Summit County WIC program upgrades grocery benefit initiative |

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Summit County WIC program upgrades grocery benefit initiative

The last obstacle a needy family wants to face is a feeling of shame when reaching our for help.

The hurdle is a real factor, charity officials will tell you. And it’s part of the reason why the county’s primary family nutrition education and supplemental food support program, WIC (Women, Infants and Children), recently stepped up its game and switched over to debit-style cards (eWIC) from the prior paper vouchers.

“It can be a pretty cumbersome process,” said Whitney Smith, director of Summit’s WIC Program through the local Public Health Department. “People see someone in line with WIC checks, and both those behind them and the clerks begin to groan and grunt. Now, nobody even knows you’re in the store.”

WIC has been providing its variety of nutrition-based services to low-income Summit County families for more than 25 years, and is hopeful the advancement in technology will allow staff to help even more. Presently the program helps an average of 300 participants annually, but believes there are many more out there who qualify and may not be employing this critical initiative because of concerns about what others might think of them.

“If people need food, they need food,” said Tamara Drangstveit, executive director of the Family & Intercultural Resource Center (FIRC). “There’s no judgment there — there shouldn’t be judgment there. It’s not a handout, it’s a resource.”

The FIRC runs the county’s principal food pantry and has witnessed similar feelings of stigma among those who feel forms of guilt or embarrassment from needing a helping hand. It’s for this reason the nonprofit asks fewer questions at its food banks in Silverthorne and Breckenridge.

This same philosophy is seen in the partnership with the Grow to Share program, a High County Conservation Center (HC3) project that offers strapped families locally produced vegetables raised in area greenhouses. Between WIC and FIRC, qualifying participants received more than 300 pounds of fresh veggies this growing season. And often the need for such staples is just the start of getting a family back on its feet.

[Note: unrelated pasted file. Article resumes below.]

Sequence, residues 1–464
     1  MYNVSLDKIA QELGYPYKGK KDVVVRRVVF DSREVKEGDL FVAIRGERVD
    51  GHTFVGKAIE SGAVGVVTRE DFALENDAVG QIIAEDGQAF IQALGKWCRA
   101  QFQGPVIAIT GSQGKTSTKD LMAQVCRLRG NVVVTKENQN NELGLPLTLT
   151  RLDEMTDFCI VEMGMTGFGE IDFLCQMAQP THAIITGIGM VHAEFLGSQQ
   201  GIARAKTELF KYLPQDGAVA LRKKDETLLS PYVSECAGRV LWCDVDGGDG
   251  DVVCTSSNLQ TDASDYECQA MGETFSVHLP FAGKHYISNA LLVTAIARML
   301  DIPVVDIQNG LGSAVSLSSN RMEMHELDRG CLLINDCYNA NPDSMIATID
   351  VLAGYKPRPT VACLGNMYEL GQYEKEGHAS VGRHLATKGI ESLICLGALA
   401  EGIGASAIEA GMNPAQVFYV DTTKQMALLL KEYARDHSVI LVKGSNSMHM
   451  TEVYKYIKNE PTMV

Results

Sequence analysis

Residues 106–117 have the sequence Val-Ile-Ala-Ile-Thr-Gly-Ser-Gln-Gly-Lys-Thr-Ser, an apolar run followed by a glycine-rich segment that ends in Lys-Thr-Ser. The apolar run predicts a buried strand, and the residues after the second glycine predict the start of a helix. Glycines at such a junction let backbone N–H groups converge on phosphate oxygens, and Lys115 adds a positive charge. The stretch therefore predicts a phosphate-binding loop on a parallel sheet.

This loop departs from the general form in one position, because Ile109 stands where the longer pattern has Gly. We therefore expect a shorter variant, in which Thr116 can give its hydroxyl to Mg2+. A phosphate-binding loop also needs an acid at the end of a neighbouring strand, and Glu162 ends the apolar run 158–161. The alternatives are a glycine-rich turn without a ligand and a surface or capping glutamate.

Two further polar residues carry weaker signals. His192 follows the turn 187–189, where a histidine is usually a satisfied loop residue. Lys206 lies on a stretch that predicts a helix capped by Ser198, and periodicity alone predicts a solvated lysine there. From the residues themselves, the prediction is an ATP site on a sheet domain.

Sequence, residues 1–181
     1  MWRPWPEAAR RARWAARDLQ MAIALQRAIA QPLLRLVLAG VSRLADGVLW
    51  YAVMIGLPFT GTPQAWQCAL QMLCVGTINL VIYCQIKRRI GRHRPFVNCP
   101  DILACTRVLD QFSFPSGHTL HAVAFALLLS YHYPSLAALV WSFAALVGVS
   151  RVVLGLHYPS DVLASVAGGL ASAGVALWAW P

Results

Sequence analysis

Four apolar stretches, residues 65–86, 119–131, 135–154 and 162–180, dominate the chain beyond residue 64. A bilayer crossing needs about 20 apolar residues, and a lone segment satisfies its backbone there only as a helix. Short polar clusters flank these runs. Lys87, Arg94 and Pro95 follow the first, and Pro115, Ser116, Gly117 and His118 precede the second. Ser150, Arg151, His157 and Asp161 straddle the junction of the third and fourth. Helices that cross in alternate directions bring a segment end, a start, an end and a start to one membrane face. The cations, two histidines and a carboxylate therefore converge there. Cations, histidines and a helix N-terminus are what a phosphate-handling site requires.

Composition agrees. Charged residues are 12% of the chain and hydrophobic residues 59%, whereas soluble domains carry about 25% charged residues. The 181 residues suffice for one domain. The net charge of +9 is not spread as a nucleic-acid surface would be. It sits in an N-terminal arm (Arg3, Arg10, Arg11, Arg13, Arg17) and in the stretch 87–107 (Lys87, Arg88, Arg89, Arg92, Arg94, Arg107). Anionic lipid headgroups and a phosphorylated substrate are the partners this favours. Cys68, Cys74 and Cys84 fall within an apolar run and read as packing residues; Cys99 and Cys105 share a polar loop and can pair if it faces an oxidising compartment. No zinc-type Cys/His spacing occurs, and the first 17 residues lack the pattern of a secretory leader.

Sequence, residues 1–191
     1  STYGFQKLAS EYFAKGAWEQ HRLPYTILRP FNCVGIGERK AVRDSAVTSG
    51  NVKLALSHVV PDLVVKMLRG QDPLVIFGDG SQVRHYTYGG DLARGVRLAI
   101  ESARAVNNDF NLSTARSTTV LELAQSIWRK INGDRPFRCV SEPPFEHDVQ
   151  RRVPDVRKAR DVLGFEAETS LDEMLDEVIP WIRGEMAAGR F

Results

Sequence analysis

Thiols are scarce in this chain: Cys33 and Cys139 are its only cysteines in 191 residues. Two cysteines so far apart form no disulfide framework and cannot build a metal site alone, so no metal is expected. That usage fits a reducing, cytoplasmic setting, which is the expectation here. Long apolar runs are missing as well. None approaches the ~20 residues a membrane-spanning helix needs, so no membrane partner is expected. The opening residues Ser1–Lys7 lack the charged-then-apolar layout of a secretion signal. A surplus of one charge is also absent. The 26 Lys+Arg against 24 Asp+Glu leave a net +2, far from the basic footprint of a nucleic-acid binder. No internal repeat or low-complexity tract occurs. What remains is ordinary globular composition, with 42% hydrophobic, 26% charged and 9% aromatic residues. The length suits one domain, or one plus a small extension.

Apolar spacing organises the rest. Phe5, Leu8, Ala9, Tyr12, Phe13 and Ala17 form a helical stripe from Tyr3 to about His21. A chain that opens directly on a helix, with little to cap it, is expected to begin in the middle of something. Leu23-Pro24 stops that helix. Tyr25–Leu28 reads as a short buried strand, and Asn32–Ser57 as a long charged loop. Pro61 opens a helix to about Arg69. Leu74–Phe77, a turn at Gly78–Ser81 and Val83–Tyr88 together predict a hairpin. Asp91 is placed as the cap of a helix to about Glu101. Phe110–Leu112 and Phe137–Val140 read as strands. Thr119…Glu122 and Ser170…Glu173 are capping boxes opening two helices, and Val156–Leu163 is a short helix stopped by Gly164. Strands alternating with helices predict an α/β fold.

“If you have food needs,” said Drangstveit, “you probably have other needs. As FIRC, we try to make sure families connect to whatever resources they need and WIC is a vital resource for mothers with children.”

WIC studies suggest as many as one in two American children has been associated with one of its programs during pregnancy up to his or her first five years of life. But WIC is much more than just the grocery benefits for families on Medicaid, at 185 percent of the area poverty level, or families of four at the annual income cutoff at just under $45,000.

Smith called the national program the “go-to for all things food, and all things breastfeeding.” Mothers can receive the services, which includes free breast pumps, throughout the first year of the baby’s life if choosing to breastfeed, or, because of the additional cost, the first six months of an infants’ life if opting for formula. Children garner benefits through age 5.

“So we really get to have these lasting relationships focused on the health of the whole family,” said Smith. “The goal is to teach low-income families to use the best of their resources, and to teach them how to make the best of what they have. We want to give them the healthiest start possible.”

WIC is unclear on how many more families might be eligible within the county over and above the yearly count it already assists. But by improving the voucher component with the eWIC initiative, it’s hoping the process is made easier and less stressful in order to appeal to the other group of disadvantaged locals, one family at a time.

For more information about Summit County WIC, or to determine if you and your family qualify, visit:

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